MPE Mathematical Problems in Engineering 1563-5147 1024-123X Hindawi Publishing Corporation 938398 10.1155/2013/938398 938398 Research Article Identifying Vulnerable Nodes of Complex Networks in Cascading Failures Induced by Node-Based Attacks Li Shudong 1,2 http://orcid.org/0000-0001-8541-308X Li Lixiang 3 Jia Yan 2 Liu Xinran 4 Yang Yixian 3 Li Ming 1 College of Mathematics and Information Science Shandong Institute of Business and Technology Shandong, Yantai 264005 China sdibt.edu.cn 2 School of Computer Science National University of Defense Technology Hunan, Changsha 410073 China nudt.edu.cn 3 Information Security Center Beijing University of Posts and Telecommunications P.O. Box 145 Beijing 100876 China bupt.edu.cn 4 National Computer Network Emergency Response Technical Team/Coordination Center Beijing 100029 China 2013 6 11 2013 2013 18 07 2013 07 08 2013 2013 Copyright © 2013 Shudong Li et al. This is an open access article distributed under the Creative Commons Attribution License, which permits unrestricted use, distribution, and reproduction in any medium, provided the original work is properly cited.

In the research on network security, distinguishing the vulnerable components of networks is very important for protecting infrastructures systems. Here, we probe how to identify the vulnerable nodes of complex networks in cascading failures, which was ignored before. Concerned with random attack (RA) and highest load attack (HL) on nodes, we model cascading dynamics of complex networks. Then, we introduce four kinds of weighting methods to characterize the nodes of networks including Barabási-Albert scale-free networks (SF), Watts-Strogatz small-world networks (WS), Erdos-Renyi random networks (ER), and two real-world networks. The simulations show that, for SF networks under HL attack, the nodes with small value of the fourth kind of weight are the most vulnerable and the ones with small value of the third weight are also vulnerable. Also, the real-world autonomous system with power-law distribution verifies these findings. Moreover, for WS and ER networks under both RA and HL attack, when the nodes have low tolerant ability, the ones with small value of the fourth kind of weight are more vulnerable and also the ones with high degree are easier to break down. The results give us important theoretical basis for digging the potential safety loophole and making protection strategy.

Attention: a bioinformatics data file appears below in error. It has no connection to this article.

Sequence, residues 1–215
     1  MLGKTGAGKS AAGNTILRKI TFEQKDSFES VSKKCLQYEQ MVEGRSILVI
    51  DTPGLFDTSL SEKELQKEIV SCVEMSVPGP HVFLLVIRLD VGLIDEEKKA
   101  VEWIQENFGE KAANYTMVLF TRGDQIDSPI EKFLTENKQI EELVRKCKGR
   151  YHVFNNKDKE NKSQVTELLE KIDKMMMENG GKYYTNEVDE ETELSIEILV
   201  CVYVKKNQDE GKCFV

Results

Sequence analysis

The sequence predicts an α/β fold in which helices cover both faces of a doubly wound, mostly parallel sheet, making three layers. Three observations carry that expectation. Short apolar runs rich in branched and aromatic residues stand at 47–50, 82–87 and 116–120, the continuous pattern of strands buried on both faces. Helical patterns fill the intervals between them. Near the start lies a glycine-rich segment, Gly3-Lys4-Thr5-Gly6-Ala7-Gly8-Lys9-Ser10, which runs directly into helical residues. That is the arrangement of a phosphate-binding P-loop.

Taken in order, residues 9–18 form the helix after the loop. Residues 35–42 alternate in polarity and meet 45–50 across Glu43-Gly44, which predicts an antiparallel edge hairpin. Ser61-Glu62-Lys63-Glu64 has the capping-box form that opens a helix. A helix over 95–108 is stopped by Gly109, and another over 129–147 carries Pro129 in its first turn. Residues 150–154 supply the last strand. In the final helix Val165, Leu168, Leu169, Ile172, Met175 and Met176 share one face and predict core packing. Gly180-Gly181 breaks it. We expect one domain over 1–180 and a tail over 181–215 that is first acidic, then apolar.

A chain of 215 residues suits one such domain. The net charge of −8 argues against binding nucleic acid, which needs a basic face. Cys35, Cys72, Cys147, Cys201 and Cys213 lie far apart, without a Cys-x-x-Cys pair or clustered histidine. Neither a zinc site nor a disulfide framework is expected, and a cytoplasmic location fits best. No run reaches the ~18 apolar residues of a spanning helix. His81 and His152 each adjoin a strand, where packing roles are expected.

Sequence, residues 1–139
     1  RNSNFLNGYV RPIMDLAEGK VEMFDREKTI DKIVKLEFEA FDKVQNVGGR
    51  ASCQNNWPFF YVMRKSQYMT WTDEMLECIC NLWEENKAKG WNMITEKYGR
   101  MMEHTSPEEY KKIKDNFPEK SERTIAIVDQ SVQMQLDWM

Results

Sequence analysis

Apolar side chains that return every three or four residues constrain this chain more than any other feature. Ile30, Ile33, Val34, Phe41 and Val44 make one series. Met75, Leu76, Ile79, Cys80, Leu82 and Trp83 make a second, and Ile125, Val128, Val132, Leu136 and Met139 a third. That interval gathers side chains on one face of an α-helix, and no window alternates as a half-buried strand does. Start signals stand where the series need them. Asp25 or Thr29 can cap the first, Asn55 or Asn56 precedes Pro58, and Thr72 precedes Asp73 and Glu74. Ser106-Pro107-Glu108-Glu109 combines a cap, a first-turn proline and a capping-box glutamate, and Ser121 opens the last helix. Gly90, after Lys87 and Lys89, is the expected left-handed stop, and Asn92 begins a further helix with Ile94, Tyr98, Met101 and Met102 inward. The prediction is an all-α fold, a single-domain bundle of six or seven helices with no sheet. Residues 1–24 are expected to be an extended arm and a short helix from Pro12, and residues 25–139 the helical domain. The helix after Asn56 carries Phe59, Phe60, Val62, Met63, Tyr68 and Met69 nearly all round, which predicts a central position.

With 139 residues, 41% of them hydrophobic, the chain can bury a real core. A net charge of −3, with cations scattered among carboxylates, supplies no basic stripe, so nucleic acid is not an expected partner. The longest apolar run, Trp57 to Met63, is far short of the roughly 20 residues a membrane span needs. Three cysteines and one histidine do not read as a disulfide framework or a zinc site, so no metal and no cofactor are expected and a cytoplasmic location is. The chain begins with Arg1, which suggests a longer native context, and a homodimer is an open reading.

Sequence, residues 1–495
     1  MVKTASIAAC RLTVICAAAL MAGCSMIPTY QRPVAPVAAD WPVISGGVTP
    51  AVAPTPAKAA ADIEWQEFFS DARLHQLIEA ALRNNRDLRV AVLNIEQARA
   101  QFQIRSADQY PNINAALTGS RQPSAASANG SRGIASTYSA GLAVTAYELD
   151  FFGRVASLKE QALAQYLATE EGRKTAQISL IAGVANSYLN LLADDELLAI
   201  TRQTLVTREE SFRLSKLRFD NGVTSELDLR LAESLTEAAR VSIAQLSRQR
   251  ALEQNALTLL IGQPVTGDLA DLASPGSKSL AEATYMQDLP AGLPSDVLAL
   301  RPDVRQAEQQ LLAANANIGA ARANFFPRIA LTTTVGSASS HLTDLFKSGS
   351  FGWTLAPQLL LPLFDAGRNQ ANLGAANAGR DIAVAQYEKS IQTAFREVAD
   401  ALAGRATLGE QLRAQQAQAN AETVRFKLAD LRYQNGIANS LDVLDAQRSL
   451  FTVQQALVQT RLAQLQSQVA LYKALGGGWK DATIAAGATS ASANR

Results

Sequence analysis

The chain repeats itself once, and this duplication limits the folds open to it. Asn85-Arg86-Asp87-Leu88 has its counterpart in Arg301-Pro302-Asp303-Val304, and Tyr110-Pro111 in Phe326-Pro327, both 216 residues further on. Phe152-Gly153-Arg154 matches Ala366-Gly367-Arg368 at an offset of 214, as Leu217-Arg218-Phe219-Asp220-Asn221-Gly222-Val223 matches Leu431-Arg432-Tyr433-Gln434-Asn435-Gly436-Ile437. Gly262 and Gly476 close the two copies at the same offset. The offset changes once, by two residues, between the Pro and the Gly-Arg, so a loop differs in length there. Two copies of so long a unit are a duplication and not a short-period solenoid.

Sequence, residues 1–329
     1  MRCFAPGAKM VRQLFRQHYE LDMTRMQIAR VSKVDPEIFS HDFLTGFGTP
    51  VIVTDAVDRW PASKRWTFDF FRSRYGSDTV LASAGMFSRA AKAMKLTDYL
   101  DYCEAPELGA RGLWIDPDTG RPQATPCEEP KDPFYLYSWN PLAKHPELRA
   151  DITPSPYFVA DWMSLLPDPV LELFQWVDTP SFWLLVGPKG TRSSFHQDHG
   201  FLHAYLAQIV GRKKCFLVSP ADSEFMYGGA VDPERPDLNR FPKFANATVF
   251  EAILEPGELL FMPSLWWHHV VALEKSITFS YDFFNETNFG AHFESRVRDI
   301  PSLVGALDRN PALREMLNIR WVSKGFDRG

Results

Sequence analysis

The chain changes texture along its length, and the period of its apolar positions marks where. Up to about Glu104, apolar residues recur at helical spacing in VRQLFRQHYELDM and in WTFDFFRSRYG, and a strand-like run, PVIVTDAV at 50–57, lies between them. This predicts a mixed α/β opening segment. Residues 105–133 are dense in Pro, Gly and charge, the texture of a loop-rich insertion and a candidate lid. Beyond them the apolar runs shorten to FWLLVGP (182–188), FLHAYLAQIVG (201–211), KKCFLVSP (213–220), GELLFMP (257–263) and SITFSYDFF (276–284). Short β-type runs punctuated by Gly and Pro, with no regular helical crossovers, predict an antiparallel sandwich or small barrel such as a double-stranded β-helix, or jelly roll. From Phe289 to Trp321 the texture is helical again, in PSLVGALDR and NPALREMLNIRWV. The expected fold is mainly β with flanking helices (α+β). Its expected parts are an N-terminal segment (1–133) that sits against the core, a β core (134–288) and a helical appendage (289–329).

1. Introduction

In modern society, people’s life depends on the infrastructure networks more and more, such as the power grid, Internet, transportation networks and the financial networks, and so forth. The overall efficiency of these network systems is being increased, while the internal connections and the dynamical characteristics within the networks are becoming more close and complex, respectively. These behaviours make the networks more vulnerable and increase the possibility of system crash. Especially, with the improvement of netware-based degree, a small incident, through a cascade of reaction, can lead to the collapse of the whole network systems and a great number of economic loss. The typical example is the accident that emerged in the power grid of North America in 2003 . The fault of three extra-high voltage transmission lines leads to a chain reaction in power system, spreads to the eight states in the northeast U.S., affects about 50 million people, and finally results in the economic loss of 4 billion to 10 billion. Another example is the electrical collapse that occurred in Italy , which has seriously influenced the operation of the Internet.

These large-scale accidents have threatened the network safety and attracted considerable attentions of scientific researchers . On the one hand, The robustness and vulnerability of topological structure of complex networks are investigated carefully. Some indexes are proposed to measure how robust or vulnerable the complex networks are under different attacks . The structural vulnerability of the important real-world networks is also probed, including Italian electrical network , the US power grid , the European grid , and other electrical systems  and the robustness of computer networks under attacks , the stability analysis for the uncertain systems , and the cyber-physical networking systems .

All the previous researches mainly focus on the structural vulnerability or the cascading dynamics of the integral complex networks. However, in the cascading failures caused by overloaded breakdown, the following important problems have not been considered. What features do the nodes easy to break down or crash have? How should we describe the characteristics of the congested node in complex networks? These problems are the correlations between the vulnerability of nodes and the cascading failures in complex networks. We argue that, by exploring this problem, we are able to identify the vulnerable nodes, analyze the potential safety hazard in networks, and find the bottlenecks in the dynamical change of network “flows”. Finally, it can provide the important theoretical basis for protecting complex networks and improving the robustness of real-world networks.